Do you have to believe anything to do magick?
This is one of the first questions people have when they find out about this stuff. And it's kind of a scary one. Is this a belief system? Do you have to be religious? Do you have to believe... you know... silly things?
The answer—as most are surprised to discover—is no. You don't have to believe anything. In fact, it's better not to believe anything. It just gets in the way—believe it or not!
What do I mean by that?
Religion—classic, organized religion—tells you what to believe. It gives you a set of dogmas and rote actions to follow. It promises you some kind of intangible future benefit if you follow these rules, and don't stray outside of the comfortable bounds of orthodoxy. It also tends to promise eternal punishment should you break the rules... or at least social ostracization. And within the realm of religion, I will have to include (shall we say) "unenlightened magick"—superstition, folk cures, low-level applications of numerology and astrology (for instance, for newspaper fortune-telling instead of Qabalistic analysis), and so on. I will also have to include not just explicitly organized religions like Catholicism, Islam, Buddhism and so on, but the ubiquitous "religions" of the modern world—for instance, the belief in the inevitability of capitalism, or communism, or the belief in universal equality, or technological progress, or whatever dogma happens to rule your local area of the world or the Web sites you habitually visit. That is, any set of beliefs or activity that is subscribed to purely on the basis of unexamined faith.
Magick, despite sounding like some woo-woo bullsh!t, is very different.
Magick is simply a series of techniques for achieving altered states of consciousness and using them to affect your reality. These techniques allow you to change your perceptions. By changing how you perceive your universe, it is quite possible to radically change the circumstances of your life. These methods, though in many cases extracted from religion (among other sources), are not bound by religious dogma, and are in fact subject to constant change by those using them (see chaos magic, for instance).
Instead of laying out dogma and commanding blind obedience, magick is completely experimental—and, at its best, empirical. I will not go so far as to glibly claim that it is "scientific," because it is not peer reviewed, and because it deals with the inner worlds of subjective experience rather than the outer words of objective materialism. However, it is indeed the parent tradition of science. Early magicians and alchemists like Paracelsus, John Dee, Giordiano Bruno, Francis Bacon and Isaac Newton laid the groundwork for science by consistently applying and refining magick's experimental methods for the control of nature, not to mention (perhaps even more importantly) magick's attitude of free thought and open inquiry into reality, instead of submission to Church dogma and control.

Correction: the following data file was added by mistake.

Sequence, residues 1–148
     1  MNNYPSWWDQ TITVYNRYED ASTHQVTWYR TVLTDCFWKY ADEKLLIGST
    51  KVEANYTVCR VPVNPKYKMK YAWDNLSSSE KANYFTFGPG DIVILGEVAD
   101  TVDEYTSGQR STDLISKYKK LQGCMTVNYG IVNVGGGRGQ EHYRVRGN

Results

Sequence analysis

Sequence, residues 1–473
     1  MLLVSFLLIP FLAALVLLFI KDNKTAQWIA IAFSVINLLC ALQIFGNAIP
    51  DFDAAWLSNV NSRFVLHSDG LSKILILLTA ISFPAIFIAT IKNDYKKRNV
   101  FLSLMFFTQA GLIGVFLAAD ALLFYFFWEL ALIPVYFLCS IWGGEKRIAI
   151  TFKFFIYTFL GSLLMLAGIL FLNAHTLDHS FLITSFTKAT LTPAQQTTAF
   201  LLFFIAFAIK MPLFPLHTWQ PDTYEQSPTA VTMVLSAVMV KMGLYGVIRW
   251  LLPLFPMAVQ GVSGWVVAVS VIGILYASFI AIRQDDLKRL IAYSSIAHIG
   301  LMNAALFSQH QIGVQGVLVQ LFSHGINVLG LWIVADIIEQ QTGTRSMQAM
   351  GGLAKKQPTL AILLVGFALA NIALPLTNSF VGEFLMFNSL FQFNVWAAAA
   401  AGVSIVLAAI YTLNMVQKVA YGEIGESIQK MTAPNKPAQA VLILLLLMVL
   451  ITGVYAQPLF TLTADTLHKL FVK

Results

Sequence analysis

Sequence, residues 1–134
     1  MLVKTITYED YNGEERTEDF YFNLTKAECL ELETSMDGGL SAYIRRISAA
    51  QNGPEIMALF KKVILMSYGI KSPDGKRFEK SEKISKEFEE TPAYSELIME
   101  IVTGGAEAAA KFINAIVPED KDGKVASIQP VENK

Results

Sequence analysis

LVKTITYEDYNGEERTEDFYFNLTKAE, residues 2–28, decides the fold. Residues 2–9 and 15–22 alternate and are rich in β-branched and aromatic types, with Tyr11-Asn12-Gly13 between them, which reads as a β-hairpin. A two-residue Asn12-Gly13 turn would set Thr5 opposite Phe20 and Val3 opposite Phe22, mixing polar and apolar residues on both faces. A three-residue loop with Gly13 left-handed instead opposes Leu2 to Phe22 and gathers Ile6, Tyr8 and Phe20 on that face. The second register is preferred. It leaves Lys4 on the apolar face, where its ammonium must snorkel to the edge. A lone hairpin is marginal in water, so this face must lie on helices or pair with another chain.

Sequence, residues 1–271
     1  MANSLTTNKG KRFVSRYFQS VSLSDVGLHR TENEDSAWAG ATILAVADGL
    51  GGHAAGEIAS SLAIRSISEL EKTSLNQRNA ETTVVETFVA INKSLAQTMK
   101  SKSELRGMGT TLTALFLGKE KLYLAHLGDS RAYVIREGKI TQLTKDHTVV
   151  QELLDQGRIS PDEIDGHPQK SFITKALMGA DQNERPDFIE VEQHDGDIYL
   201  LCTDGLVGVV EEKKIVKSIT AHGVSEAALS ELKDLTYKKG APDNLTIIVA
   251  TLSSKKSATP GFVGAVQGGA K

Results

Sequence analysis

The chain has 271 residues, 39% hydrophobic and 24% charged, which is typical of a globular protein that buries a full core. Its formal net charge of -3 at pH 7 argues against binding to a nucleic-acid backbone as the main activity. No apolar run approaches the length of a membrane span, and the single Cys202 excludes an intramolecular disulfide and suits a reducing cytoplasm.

These early proto-scientists did not constrain their efforts to merely understanding the physical world, but applied their experiments to the spiritual world as well. And from them we inherit modern science itself—perhaps the crowning jewel of the Western Magical Tradition, the summum bonum of its Great Work, and a sword for the liberation of humanity from the shackles of fear and superstition that we were so long bound by. It is the way out of, as Carl Sagan called it, "the demon-haunted world."
I have no interest whatsoever in challenging science. In fact, in many ways I think that re-introducing magick to the scientific discourse would be a civilizational disaster—particularly in this anti-science, hostile political climate (at least in America, where I am writing this), when we need all the science and science education we can get.
However, I do work rather tirelessly to elucidate magick as its own tradition, on its own plane, as a system of causing change in human consciousness, of liberating human beings by allowing them to experimentally access their own brains and their own human potential in fascinating and potent new ways. And I will happily put magick on par or even above psychology, which in most cases falls far short of the ancient methods, and at any rate was directly inspired by them—Freud read deeply in the Kabbalah, and Jung and Reich were practically working occultists.
So no, you don't need to believe anything to attempt occult exercises. All you need is a willingness to try something weird within the realm of your own mind, and see what happens—just like any good scientist would. You do experiments, you get results, you record the results. You refine the methods and repeat. You discuss with others who have done the same experiments, and compare notes. And, for the love of God, you do not decide that whatever happened represents some kind of message from God.
Just so you clearly understand what I mean, let's take an example.